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Public Goods Games, Altruism, and Evolution

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Abstract

How can a desire to cooperate in one-shot interactions survive, even though it gives a material disadvantage to its carrier? I analyze this issue using a one-shot public goods game between two altruistic individuals. Within a pair, the least altruistic individual is better off materially. Between pairs, individuals in the pair with the highest degree of altruism are better off materially. I determine the evolutionarily stable degree of altruism, allowing for assortative matching. The stable degree of altruism is strictly smaller than the degree of assortativity, and it may be negative. It is also increasing in the degree of assortativity. For a given degree of assortativity, the stable degree of altruism depends on the relative strength of the within-pair and the between-group e¤ect on material welfare. This relative strength in turn depends on the production and cost functions in the underlying public goods game.

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File URL: http://onlinelibrary.wiley.com/doi/10.1111/j.1467-9779.2010.01474.x/pdf
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Bibliographic Info

Paper provided by Carleton University, Department of Economics in its series Carleton Economic Papers with number 09-06.

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Length: 30 pages
Date of creation: 26 Aug 2009
Date of revision: 01 Feb 2010
Publication status: Published: Revised version in Journal of Public Economic Theory, Vol. 12, No. 4 (August 2010), pp. 789–813
Handle: RePEc:car:carecp:09-06

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Keywords: public goods; teamwork; altruism; evolution of preferences; evolutionary stability;

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References

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  1. Donald Cox & Bruce E. Hansen & Emmanuel Jimenez, 1997. "How Responsive are Private Transfers to Income? Evidence from a Laissez-Faire Economy," Boston College Working Papers in Economics 341., Boston College Department of Economics, revised 01 Dec 1999.
  2. James M. Walker & Matthew A. Halloran, 2004. "Rewards and Sanctions and the Provision of Public Goods in One-Shot Settings," Experimental Economics, Springer, vol. 7(3), pages 235-247, October.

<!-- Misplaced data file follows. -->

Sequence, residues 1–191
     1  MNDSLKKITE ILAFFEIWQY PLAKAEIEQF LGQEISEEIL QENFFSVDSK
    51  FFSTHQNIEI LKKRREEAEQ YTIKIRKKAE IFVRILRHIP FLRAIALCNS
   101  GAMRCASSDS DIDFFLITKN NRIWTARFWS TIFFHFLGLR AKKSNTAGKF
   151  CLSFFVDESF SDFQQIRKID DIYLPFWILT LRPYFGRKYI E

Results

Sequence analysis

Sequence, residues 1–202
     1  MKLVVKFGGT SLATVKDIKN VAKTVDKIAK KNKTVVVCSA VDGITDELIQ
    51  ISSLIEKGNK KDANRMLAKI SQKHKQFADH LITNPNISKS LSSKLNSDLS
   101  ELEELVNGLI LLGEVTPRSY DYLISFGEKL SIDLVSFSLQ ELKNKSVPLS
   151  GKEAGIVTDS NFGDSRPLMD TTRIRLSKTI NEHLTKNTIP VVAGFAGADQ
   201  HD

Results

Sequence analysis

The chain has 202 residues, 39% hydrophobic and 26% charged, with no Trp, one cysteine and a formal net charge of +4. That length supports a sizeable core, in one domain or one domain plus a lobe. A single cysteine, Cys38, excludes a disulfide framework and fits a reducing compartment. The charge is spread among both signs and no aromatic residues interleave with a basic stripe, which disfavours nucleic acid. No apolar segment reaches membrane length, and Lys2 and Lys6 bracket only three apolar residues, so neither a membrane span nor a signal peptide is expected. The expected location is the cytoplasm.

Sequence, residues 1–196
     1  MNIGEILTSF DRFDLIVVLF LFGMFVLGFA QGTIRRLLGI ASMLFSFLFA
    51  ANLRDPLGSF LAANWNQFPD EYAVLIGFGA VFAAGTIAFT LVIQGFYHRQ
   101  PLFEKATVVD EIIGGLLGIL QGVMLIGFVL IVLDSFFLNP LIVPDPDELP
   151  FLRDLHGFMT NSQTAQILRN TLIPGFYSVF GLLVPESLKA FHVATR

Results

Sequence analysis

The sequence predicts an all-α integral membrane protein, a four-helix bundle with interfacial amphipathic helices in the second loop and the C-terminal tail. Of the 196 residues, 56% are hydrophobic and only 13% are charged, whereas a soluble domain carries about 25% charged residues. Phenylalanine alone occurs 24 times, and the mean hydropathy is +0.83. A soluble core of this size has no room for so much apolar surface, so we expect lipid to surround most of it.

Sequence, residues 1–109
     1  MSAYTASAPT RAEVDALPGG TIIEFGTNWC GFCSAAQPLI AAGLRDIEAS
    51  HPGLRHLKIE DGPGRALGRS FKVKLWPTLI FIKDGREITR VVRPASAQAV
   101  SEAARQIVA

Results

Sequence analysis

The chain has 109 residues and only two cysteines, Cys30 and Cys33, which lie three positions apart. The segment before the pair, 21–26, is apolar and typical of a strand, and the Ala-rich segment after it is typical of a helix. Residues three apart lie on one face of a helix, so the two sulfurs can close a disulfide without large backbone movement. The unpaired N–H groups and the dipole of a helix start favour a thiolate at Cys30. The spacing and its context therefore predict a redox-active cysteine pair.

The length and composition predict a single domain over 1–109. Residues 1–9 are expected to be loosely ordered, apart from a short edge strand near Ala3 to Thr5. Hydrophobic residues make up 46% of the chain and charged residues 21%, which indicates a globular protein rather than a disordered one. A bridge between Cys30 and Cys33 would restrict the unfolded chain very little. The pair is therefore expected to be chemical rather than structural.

3. Jörg Oechssler & Frank Riedel, 2000. "On the Dynamic Foundation of Evolutionary Stability in Continuous Models," Bonn Econ Discussion Papers bgse7_2000, University of Bonn, Germany.
  4. Guido Tabellini, 2008. "The Scope of Cooperation: Values and Incentives," The Quarterly Journal of Economics, MIT Press, vol. 123(3), pages 905-950, August.
  5. Bester, Helmut & Guth, Werner, 1998. "Is altruism evolutionarily stable?," Journal of Economic Behavior & Organization, Elsevier, vol. 34(2), pages 193-209, February.
  6. Robin P. Cubitt & Michalis Drouvelis & Simon Gächter, 2008. "Framing and Free Riding: Emotional Responses and Punishment in Social Dilemma Games," Discussion Papers 2008-02, The Centre for Decision Research and Experimental Economics, School of Economics, University of Nottingham.
  7. Bergstrom, Theodore C, 1995. "On the Evolution of Altruistic Ethical Rules for Siblings," American Economic Review, American Economic Association, vol. 85(1), pages 58-81, March.
  8. Ingela Alger & J�rgen W. Weibull, 2010. "Kinship, Incentives, and Evolution," American Economic Review, American Economic Association, vol. 100(4), pages 1725-58, September.
  9. Theodore C. Bergstrom, 2002. "Evolution of Social Behavior: Individual and Group Selection," Journal of Economic Perspectives, American Economic Association, vol. 16(2), pages 67-88, Spring.
  10. Bolle, Friedel, 2000. "Is altruism evolutionarily stable? And envy and malevolence?: Remarks on Bester and Guth," Journal of Economic Behavior & Organization, Elsevier, vol. 42(1), pages 131-133, May.
  11. Jung-Kyoo Choi, 2008. "Play locally, learn globally: group selection and structural basis of cooperation," Journal of Bioeconomics, Springer, vol. 10(3), pages 239-257, December.
  12. B. Curtis Eaton & Mukesh Eswaran & Robert J. Oxoby, 2011. "Us and `Them': the origin of identity, and its economic implications," Canadian Journal of Economics, Canadian Economics Association, vol. 44(3), pages 719-748, August.
  13. repec:fth:iniesr:557 is not listed on IDEAS
  14. Possajennikov, Alex, 2000. "On the evolutionary stability of altruistic and spiteful preferences," Journal of Economic Behavior & Organization, Elsevier, vol. 42(1), pages 125-129, May.
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Cited by:
  1. Ingela Alger & Donald Cox, 2013. "The evolution of altruistic preferences: mothers versus fathers," Review of Economics of the Household, Springer, vol. 11(3), pages 421-446, September.
  2. Alger, Ingela & Weibull, Jörgen, 2012. "Homo Moralis-Preference evolution under incomplete information and assortative matching," LERNA Working Papers 12.17.374, LERNA, University of Toulouse.
  3. repec:aia:ginidp:dp17 is not listed on IDEAS
  4. Giacomo Corneo, 2011. "GINI DP 17: Income Inequality, Value Systems and Macroeconomic Performance," GINI Discussion Papers 17, AIAS, Amsterdam Institute for Advanced Labour Studies.
  5. Ingela Alger & Jörgen W. Weibull, 2010. "Evolutionary Stability, Co-operation and Hamilton’s Rule," Carleton Economic Papers 10-11, Carleton University, Department of Economics, revised 18 Jan 2011.

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